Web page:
Toronto Mayor Rob Ford wasted no time relaunching his bid for re-election, officially filing his nomination papers Thursday shortly after the clerk's office opened on the first day for acceptance of nominations.
"I've got the strongest track record, I've been the best mayor this city has ever had," Ford told reporters shortly after submitting his nomination papers and officially declaring his candidacy in the Oct. 27 municipal election.
When asked about the personal problems that have dogged him throughout 2013, Ford, in a testy exchange with reporters, responded: "That's all personal. Let the people speak for themselves."
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Dennis Pilon, a political science professor at York University, thinks Ford's might have a tough road ahead of him.
"I think that his coalition of support is going to break apart," Pilon said.
"The Rob Ford diehards are going to stick with him — they look pretty strong — but I think that the run of the mill Conservatives, the right of centre voters, some of them are going to decide to vote for maybe even a centrist candidate who they looks a bit more normal, acts a bit more normal than Rob Ford."
Ford is the first person to register for the mayoralty race.
So far, only Coun. Karen Stintz and former budget chief David Soknacki have said they will run.
Politicians rumoured to be considering a mayoralty bid include:
- Olivia Chow, NDP MP for the downtown Toronto riding of Trinity-Spadina and former city councillor.
- John Tory, former provincial Progressive Conservative leader and current radio host.
- Denzil Minnan-Wong, a fiscal conservative who chairs the city's public works committee.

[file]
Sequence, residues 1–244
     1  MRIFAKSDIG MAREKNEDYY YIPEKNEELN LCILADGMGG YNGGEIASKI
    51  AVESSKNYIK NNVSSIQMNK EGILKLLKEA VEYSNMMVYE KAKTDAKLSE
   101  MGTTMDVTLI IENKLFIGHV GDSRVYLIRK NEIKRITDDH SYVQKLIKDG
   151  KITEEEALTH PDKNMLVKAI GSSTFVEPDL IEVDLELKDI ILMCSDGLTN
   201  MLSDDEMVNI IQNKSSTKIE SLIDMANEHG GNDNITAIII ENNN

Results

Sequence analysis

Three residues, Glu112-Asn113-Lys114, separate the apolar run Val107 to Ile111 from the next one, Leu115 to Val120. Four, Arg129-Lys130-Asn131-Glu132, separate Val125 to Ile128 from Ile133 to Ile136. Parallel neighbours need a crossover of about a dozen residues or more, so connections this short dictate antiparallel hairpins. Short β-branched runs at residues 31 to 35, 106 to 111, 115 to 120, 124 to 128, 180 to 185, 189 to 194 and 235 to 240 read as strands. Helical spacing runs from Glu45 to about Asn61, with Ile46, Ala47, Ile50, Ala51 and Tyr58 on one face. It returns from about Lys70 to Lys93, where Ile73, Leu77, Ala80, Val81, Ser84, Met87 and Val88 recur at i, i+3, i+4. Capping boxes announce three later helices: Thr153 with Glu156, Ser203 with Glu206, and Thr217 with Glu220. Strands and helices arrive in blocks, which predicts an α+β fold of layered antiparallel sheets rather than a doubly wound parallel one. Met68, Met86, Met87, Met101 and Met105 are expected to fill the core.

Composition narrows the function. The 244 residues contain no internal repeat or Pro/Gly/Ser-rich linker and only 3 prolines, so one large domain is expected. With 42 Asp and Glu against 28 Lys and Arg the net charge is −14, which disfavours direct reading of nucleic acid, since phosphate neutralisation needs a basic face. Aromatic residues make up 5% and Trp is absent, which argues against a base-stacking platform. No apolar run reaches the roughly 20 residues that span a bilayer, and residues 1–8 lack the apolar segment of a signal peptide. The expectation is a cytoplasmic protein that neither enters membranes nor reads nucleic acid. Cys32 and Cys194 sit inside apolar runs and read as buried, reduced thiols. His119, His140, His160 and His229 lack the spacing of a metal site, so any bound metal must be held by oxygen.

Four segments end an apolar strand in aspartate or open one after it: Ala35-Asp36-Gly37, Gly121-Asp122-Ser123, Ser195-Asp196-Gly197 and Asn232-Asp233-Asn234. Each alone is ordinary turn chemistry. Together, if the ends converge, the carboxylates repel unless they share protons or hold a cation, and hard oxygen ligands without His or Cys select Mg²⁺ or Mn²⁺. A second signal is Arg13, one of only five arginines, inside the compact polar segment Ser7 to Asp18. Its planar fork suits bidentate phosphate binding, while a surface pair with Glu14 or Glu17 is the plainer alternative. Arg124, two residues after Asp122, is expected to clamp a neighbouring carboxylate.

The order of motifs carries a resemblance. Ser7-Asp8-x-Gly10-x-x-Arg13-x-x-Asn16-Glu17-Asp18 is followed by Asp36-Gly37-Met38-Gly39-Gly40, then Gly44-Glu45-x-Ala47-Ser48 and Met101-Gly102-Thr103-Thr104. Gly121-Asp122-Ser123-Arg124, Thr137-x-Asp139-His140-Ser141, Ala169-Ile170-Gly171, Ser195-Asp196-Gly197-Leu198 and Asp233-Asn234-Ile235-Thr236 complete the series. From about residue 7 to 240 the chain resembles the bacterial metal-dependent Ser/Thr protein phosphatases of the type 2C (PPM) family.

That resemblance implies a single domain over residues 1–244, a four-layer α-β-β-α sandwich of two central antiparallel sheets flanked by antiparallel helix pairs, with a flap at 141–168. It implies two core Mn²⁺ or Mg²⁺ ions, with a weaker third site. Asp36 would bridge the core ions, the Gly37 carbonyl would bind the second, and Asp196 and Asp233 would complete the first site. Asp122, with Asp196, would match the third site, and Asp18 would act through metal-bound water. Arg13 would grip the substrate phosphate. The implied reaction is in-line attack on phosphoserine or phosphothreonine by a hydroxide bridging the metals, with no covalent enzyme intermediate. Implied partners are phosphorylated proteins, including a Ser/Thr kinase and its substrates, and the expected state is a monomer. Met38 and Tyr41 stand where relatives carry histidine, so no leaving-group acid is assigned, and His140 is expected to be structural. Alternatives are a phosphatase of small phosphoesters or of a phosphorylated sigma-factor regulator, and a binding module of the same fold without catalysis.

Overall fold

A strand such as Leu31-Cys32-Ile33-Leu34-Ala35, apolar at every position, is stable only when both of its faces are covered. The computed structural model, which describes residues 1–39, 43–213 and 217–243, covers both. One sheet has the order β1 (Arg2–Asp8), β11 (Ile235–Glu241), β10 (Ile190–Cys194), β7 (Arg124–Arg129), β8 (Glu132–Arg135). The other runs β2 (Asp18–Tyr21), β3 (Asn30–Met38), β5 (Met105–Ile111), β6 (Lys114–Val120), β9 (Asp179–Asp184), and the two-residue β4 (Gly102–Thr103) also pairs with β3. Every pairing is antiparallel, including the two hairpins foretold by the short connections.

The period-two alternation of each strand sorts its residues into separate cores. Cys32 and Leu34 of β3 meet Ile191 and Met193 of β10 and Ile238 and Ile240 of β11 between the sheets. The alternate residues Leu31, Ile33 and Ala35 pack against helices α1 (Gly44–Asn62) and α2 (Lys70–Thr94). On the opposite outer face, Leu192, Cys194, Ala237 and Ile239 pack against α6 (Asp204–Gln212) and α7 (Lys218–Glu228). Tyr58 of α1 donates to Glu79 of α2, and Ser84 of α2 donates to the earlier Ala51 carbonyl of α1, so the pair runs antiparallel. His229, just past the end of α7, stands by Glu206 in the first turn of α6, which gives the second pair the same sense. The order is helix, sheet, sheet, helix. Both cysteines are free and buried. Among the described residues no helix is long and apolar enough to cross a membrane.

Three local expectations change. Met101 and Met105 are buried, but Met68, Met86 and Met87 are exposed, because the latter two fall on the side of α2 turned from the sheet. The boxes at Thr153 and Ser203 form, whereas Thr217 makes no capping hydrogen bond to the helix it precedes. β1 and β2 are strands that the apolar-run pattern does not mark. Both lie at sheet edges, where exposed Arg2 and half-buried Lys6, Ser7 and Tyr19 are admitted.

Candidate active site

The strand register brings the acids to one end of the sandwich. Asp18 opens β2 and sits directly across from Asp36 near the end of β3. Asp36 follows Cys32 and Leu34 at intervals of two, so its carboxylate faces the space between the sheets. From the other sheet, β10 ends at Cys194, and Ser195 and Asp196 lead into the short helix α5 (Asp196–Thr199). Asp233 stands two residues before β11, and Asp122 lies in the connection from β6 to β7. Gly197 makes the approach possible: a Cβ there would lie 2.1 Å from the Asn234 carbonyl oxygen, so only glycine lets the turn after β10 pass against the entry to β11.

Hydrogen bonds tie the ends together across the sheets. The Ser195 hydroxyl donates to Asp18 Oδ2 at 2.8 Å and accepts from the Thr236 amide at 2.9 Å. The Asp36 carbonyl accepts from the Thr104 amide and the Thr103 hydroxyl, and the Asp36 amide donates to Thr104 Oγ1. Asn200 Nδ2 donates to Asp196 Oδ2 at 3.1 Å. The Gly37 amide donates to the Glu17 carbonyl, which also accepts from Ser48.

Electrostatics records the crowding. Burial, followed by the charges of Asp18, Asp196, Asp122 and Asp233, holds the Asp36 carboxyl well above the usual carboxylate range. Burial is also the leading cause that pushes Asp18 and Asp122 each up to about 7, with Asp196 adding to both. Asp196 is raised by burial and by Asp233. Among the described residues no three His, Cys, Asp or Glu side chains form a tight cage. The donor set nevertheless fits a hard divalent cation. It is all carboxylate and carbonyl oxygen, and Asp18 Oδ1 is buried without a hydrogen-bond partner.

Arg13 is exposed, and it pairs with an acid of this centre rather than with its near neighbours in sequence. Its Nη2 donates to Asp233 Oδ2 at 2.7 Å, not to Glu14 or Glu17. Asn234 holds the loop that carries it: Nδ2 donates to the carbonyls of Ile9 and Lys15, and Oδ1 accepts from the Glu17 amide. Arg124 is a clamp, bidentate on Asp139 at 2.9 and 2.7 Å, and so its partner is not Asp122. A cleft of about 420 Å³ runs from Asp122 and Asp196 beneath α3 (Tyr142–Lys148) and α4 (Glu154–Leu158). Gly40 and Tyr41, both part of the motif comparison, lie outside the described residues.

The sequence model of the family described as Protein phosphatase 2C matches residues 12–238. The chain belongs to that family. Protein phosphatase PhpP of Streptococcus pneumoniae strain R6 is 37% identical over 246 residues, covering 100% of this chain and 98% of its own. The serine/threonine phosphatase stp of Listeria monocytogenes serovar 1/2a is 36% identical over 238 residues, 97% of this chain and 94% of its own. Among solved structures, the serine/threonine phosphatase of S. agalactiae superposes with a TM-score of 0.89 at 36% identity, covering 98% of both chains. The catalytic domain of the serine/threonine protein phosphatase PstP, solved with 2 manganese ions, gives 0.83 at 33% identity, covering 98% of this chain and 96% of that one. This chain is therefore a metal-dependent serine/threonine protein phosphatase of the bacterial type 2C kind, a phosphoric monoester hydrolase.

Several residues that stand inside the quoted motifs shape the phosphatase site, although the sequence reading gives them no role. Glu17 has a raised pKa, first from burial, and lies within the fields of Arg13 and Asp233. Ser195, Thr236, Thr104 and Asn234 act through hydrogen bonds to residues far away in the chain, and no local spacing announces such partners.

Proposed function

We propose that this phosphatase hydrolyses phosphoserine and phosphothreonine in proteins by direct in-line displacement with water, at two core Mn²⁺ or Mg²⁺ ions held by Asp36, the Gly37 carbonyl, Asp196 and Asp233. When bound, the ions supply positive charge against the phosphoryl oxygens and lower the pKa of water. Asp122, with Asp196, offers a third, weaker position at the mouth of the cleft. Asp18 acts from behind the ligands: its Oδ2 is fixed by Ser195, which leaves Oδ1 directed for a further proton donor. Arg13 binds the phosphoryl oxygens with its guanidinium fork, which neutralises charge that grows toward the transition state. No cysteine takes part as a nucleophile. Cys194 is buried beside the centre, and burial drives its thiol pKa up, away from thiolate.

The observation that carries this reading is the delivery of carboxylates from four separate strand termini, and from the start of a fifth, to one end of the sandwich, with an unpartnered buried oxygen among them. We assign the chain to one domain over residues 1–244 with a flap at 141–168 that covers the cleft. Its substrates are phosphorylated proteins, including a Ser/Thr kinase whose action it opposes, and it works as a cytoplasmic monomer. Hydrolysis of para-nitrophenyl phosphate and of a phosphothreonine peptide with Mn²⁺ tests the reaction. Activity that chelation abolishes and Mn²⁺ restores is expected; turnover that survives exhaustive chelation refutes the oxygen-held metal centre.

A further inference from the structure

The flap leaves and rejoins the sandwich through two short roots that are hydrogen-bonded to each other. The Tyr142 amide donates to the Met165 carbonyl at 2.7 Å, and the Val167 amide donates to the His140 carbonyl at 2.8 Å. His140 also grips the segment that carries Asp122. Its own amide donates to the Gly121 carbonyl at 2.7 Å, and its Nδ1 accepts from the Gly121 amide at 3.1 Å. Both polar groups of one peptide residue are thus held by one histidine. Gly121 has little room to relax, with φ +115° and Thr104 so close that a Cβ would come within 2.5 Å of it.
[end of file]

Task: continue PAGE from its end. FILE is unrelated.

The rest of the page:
Ford's move to seek re-election comes after a turbulent 2013. The mayor made headlines around the world after showing up drunk at public events, admitting to smoking crack cocaine and apologizing repeatedly for various inappropriate comments.
With Ford refusing calls for him to resign, council voted in November to strip him of many of his powers.
CBC News city hall reporter Jamie Strashin said the "central question" of the campaign will be whether voters are willing to look beyond Ford's widely reported personal problems.
"It's a long, arduous campaign, with more than 100 debates," Strashin reported on CBC News Network. "Now the race is on. We should see more candidates register in the weeks to come."
New Year's levee wasn't free from politics
On Wednesday, Ford and a handful of other councillors gathered at city hall to meet with residents at the New Year's Day levee. People waited in line for up to an hour to shake hands and have their picture taken with Ford and other councillors at the annual event.
A few who attended came wearing "Ford Nation" T-shirts, though one woman told CBC News she waited in line to tell Ford he has been a "terrible" mayor and should not run again.
The levee is billed as a chance for residents, and not the media, to speak with council members.
Most councillors remained behind the velvet rope partition at city hall, but Stintz spoke to reporters, telling them the city needed better leadership during the recent ice storm, which left tens of thousands without power in frigid weather over the holidays.
In the days after the storm, Ford was repeatedly asked whether he would declare a state of emergency, a move that would have ceded emergency powers to Deputy Mayor Norm Kelly.
Although many experts have said Ford did the right thing not declaring a state of emergency, Stintz said this created a "who's-in-charge" situation instead of clear leadership.
"During the week of the ice storm, we didn't benefit from having a strong mayor and we should have," she said.
Nominations for mayor and council races remain open until Sept. 12.